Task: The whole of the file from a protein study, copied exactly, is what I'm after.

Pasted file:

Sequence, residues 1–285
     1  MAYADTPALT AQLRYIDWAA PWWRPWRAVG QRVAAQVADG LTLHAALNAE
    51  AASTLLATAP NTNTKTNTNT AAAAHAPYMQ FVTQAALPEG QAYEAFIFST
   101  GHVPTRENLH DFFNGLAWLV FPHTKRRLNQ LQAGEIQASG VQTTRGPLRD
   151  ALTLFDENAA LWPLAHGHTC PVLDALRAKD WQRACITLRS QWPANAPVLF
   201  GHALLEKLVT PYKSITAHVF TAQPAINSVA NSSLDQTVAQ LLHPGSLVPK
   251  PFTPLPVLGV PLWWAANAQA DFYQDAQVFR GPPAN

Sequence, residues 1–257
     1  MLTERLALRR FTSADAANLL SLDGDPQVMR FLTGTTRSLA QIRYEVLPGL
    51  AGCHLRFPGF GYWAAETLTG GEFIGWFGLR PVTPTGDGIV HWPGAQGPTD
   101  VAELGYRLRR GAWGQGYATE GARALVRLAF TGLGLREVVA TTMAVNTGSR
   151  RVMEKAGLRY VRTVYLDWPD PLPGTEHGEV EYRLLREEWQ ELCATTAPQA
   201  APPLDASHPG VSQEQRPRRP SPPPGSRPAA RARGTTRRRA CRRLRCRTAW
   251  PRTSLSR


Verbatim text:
Sequence, residues 1–285
     1  MAYADTPALT AQLRYIDWAA PWWRPWRAVG QRVAAQVADG LTLHAALNAE
    51  AASTLLATAP NTNTKTNTNT AAAAHAPYMQ FVTQAALPEG QAYEAFIFST
   101  GHVPTRENLH DFFNGLAWLV FPHTKRRLNQ LQAGEIQASG VQTTRGPLRD
   151  ALTLFDENAA LWPLAHGHTC PVLDALRAKD WQRACITLRS QWPANAPVLF
   201  GHALLEKLVT PYKSITAHVF TAQPAINSVA NSSLDQTVAQ LLHPGSLVPK
   251  PFTPLPVLGV PLWWAANAQA DFYQDAQVFR GPPAN

Sequence, residues 1–257
     1  MLTERLALRR FTSADAANLL SLDGDPQVMR FLTGTTRSLA QIRYEVLPGL
    51  AGCHLRFPGF GYWAAETLTG GEFIGWFGLR PVTPTGDGIV HWPGAQGPTD
   101  VAELGYRLRR GAWGQGYATE GARALVRLAF TGLGLREVVA TTMAVNTGSR
   151  RVMEKAGLRY VRTVYLDWPD PLPGTEHGEV EYRLLREEWQ ELCATTAPQA
   201  APPLDASHPG VSQEQRPRRP SPPPGSRPAA RARGTTRRRA CRRLRCRTAW
   251  PRTSLSR